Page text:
Regional Gardening Reports :: National Gardening Association

In the Garden:
Middle South
September, 2000
Regional Report

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Variegated liriope glows in dappled shade, or it can handle full sun.

Luxurious Liriope

Mowing over bumpy tree roots is not my idea of fun, and I don't like edging my lawn, either. So you can understand my passion for liriope (Liriope muscari or L. spicata), the ideal plant for growing along walkways or as a ground cover beneath large shade trees. Now is a great time to start new plantings. With the help of winter rains, liriope will root quickly and be ready to take off in spring.

The Name Game

You can call liriope monkey grass or lilyturf if you want, but the more important thing is to choose the right variety for your landscape. Liriope is hardy from zones 5 to 9. To cover ground in serious shade, look for creeping selections of L. spicata. This slow spreader is not a fantastic bloomer, but the wandering stolons knit the plants together into a thick mass of slender, dark green leaves.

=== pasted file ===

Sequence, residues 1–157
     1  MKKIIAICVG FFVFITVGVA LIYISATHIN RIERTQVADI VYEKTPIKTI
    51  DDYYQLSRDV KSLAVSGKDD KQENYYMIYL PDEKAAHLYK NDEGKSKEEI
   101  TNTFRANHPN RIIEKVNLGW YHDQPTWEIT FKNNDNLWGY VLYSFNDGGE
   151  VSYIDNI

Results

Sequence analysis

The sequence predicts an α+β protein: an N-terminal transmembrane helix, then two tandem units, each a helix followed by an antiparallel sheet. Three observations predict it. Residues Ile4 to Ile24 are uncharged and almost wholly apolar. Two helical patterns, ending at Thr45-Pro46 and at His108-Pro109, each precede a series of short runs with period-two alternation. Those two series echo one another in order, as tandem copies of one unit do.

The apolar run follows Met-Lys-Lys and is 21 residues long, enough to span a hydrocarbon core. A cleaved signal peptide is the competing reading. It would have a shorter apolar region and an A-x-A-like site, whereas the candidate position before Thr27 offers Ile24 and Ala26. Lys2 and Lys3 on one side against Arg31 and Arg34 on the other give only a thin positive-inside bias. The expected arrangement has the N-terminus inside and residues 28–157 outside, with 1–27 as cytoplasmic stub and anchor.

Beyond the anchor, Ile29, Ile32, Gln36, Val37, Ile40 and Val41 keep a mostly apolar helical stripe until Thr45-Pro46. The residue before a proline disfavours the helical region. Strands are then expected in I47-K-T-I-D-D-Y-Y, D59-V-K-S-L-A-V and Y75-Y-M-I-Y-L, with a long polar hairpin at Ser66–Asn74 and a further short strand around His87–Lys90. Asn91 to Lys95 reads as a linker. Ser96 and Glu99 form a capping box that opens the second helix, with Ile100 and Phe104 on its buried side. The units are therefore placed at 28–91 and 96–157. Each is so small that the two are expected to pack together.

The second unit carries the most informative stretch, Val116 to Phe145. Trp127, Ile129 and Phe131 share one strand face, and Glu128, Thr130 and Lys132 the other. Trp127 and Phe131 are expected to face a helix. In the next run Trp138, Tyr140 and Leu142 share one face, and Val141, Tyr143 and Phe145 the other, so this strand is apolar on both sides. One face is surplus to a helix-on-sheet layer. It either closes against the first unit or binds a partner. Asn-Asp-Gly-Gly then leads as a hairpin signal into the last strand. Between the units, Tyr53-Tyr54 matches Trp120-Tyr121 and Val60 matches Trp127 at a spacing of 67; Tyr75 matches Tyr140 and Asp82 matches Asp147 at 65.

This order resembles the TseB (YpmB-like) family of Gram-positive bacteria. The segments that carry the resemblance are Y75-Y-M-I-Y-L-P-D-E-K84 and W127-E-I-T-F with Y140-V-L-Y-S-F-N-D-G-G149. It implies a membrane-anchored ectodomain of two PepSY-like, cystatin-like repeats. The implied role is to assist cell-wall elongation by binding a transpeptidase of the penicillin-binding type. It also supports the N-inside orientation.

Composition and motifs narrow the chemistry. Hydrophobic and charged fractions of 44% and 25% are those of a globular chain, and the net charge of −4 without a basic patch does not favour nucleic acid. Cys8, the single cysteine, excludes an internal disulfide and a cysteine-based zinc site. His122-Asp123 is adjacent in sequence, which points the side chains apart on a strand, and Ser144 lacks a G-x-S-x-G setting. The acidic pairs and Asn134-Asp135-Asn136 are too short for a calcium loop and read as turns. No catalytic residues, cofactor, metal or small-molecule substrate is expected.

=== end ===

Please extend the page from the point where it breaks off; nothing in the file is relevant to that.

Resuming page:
More upright and colorful, cultivars of L. muscari grow into thick clumps and produce showy blue flower spikes in late summer. They are ideal for edging, and you can choose among varieties with dark green leaves and those with lime green leaves edged with cream. The variegated strains grow especially well in sun, while the green-leafed ones are best for shade.

Accept Hand-Me-Downs

You can buy new plants of specific varieties or just dig some plants from a gardening friend or neighbor. Use a sharp spade to dig up 6- to 8-inch-wide chunks and place them in a wheelbarrow filled with water. This makes it easy to pull the plants apart. This technique works well with plants purchased in pots, too. Set small clumps of two or three diameter crowns 6 inches apart and mulch between them to discourage weeds.

Don't worry if your new planting looks a little droopy through winter. Once spring comes, new leaves will grow from the crowns.

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Today's site banner is by nmumpton and is called "Gymnocalycium andreae"